This historical condition is perhaps one of the most evident examples of the structural racism to which the Indigenous populations in our country have been subjected. The Mexican State’s effort to address their educational needs and rights has been, to say the least, completely insufficient.

Nenemi Paxia’s work team has been, from its inception, multidisciplinary and multicultural, with members approaching the work from scientific, pedagogical and cultural-identitarian perspectives. It includes young Indigenous people who have worked for more than 10 years in the design of pedagogical activities, implementation of several methodology pilots, and design and translation of our educational materials into local contexts for teachers and students. 

In our educational model, we approach natural phenomena through fundamental concepts that come from scientific knowledge and those that have their origin in traditional knowledge. In “Guidelines for Thinking in my Language,” we emphasize the role of both in interpreting the world and how people can relate to each type of knowledge. The integration into education of a broad perspective on nature and our relationship to it is complex, and it is a process we continue to explore. However, we believe this integration is key to fulfilling one of education’s essential goals: to understand reality.

Finally, another of the key elements of our model is for students to learn in their own Indigenous languages. This responds to our principal requirement of dealing with the context in which each person is situated, and recognizing that the mother tongue is the best learning vehicle. Thus, we honor the right of Indigenous students to experience the joy of learning, affirm their identity, and learn in their own language.

A Tseltal primary school student learns to read by asking the question, Why are trees of different shapes and sizes?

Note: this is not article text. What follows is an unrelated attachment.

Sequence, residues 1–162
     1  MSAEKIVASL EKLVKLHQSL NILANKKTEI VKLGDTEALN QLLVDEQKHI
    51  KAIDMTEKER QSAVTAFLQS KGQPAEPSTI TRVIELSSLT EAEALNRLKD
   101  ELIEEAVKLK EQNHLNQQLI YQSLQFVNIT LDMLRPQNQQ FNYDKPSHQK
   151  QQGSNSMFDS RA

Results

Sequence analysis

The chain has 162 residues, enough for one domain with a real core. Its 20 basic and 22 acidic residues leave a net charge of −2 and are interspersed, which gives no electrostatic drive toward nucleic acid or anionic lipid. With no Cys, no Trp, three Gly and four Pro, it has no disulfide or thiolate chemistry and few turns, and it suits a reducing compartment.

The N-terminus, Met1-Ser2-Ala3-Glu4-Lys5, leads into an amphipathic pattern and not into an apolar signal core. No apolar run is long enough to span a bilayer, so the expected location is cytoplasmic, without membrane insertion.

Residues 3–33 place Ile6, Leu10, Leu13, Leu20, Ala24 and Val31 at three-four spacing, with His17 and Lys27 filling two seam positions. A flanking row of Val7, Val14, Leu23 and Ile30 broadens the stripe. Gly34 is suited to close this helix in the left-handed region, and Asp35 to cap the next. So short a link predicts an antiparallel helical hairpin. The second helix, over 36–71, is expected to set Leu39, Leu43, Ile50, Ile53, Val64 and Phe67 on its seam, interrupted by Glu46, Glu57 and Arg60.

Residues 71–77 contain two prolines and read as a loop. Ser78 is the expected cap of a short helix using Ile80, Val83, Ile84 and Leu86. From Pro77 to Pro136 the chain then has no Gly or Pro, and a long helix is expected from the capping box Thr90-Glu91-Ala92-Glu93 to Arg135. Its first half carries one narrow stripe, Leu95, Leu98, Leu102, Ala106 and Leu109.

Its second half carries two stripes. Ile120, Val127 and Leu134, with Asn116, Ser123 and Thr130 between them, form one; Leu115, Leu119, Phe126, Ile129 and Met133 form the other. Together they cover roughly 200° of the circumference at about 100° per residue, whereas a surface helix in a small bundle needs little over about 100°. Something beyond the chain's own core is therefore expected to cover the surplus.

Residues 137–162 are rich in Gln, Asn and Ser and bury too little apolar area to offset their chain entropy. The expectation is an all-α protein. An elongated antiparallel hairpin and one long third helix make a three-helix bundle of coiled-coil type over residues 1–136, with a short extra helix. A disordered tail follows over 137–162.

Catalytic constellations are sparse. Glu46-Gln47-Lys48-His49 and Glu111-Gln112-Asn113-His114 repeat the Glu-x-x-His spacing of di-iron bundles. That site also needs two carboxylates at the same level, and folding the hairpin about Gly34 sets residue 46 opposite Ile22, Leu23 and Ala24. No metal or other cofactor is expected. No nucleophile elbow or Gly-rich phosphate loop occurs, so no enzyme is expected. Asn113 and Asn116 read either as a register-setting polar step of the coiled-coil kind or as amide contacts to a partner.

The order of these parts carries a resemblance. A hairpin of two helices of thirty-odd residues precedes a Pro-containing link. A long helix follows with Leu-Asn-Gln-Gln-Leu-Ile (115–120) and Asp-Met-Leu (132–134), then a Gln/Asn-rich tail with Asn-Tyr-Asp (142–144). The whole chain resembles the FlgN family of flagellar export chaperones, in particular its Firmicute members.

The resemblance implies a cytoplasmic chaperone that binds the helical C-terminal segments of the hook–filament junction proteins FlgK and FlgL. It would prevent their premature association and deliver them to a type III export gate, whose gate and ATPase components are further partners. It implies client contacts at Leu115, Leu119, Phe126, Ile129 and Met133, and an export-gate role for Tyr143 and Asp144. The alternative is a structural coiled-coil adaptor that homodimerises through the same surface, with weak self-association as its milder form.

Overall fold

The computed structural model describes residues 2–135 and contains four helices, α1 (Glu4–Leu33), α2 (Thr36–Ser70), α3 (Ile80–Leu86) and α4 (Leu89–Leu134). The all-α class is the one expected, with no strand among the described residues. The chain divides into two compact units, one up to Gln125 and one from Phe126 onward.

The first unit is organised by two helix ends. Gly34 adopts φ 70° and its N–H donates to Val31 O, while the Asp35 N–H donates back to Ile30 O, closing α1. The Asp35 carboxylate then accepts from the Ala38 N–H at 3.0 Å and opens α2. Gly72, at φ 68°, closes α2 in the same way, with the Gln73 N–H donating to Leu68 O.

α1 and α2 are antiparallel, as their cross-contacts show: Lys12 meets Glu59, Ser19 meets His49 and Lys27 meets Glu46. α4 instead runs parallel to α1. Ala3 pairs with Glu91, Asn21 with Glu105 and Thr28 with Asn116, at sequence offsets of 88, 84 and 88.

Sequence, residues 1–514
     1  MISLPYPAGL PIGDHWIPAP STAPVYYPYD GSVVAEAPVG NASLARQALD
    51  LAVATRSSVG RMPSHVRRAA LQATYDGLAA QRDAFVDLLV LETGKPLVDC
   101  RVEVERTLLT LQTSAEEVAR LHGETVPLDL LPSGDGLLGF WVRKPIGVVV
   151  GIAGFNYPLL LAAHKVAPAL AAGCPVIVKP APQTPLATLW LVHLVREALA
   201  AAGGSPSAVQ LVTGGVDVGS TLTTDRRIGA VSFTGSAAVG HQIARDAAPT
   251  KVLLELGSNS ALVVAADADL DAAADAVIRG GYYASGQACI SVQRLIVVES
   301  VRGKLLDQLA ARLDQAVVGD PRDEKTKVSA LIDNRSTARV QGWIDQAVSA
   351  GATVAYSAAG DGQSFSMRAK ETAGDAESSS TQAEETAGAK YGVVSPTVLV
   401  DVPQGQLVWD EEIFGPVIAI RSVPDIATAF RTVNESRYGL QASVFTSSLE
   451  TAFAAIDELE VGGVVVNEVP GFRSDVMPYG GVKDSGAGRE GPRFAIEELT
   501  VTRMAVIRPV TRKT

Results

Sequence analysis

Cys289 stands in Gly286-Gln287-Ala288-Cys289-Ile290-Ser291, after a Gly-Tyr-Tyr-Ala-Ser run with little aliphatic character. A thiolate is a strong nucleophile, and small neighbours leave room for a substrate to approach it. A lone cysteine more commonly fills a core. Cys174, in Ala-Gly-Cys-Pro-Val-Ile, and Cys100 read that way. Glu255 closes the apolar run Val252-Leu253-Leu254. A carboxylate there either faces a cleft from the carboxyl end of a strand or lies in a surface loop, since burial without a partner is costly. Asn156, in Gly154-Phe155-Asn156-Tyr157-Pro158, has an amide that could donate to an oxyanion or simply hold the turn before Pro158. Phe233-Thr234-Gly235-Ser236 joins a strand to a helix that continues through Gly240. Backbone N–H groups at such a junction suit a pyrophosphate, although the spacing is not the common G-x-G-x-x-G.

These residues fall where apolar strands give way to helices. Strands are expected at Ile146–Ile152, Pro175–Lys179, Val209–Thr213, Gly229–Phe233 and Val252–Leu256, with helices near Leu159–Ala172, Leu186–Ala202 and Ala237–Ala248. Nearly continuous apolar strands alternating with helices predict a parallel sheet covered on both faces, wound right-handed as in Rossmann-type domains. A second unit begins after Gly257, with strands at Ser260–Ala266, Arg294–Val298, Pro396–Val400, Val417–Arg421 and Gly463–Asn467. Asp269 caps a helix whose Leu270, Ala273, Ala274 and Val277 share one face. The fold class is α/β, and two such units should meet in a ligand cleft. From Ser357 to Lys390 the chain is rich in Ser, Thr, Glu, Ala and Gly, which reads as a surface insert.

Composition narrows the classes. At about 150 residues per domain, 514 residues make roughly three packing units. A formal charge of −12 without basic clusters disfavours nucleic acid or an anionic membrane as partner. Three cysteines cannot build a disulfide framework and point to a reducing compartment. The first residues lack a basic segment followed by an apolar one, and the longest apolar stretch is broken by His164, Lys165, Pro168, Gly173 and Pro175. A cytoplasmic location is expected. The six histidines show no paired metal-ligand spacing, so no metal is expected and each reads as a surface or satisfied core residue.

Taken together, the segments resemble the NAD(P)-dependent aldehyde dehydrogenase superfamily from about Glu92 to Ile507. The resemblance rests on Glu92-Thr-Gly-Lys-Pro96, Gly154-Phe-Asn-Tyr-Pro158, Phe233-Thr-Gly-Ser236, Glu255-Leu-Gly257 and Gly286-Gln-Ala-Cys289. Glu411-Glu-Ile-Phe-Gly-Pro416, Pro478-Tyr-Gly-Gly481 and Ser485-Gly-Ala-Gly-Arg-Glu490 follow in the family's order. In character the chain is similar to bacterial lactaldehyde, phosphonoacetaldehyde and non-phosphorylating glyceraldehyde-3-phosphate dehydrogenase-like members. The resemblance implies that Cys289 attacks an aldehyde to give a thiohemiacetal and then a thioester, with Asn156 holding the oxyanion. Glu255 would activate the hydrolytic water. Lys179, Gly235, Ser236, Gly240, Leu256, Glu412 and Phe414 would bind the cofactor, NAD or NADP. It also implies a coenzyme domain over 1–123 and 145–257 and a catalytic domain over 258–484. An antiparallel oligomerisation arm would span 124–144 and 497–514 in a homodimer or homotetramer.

The Scope of Guidelines for Thinking in my Language
In Nenemi Paxia – Sinergias Educativas AC, we are very pleased with the path we have walked. Throughout these years, we have had the opportunity to train more than 2,000 young teachers who have served a population of more than 20,000 students in basic education in Chiapas. 

We are working with the five Indigenous languages with the largest number of speakers in the State (Tzeltal, Tzotzil, Zoque, Tojolab’al and Ch’ol), and we have developed written and oral instructional materials so that students can learn using their mother tongues. Each Indigenous language has dialectal variants that add another layer of complexity. For this, we have also made an effort to recognize them and find strategies to include and reflect on them.

We have made a big effort so that our model and instructional materials can be integrated into CONAFE’s curriculum, and so that teachers can find an organic way to adopt them and use them successfully in the classroom. This objective is a path that we continue walking and that has required us to collaborate closely with the institutions responsible for their students’ education. 

Genuine curiosity and direct observation of natural phenomena is a central element of our methodology. In this image, students observe if the fruits can float and find out if it could be a seed dispersal strategy.

Our Learnings
At Nenemi Paxia, we have learned a great deal, and we constantly face new challenges. For example, we continue to improve the curriculum and to expand into more schools.

One important learning has been that the lack of material resources in the classroom should not be an obstacle to education. In rural communities, it is possible to access nature and observe its phenomena directly just by leaving the classroom. The recognition of this pedagogical resource is invaluable. We proved that our central hypothesis is true: The genuine curiosity of teachers and students only needs to be recognized and nurtured by education. And finally, we observe how the mother tongue can be the foundation upon which learning will flourish. 

To learn more about our work, visit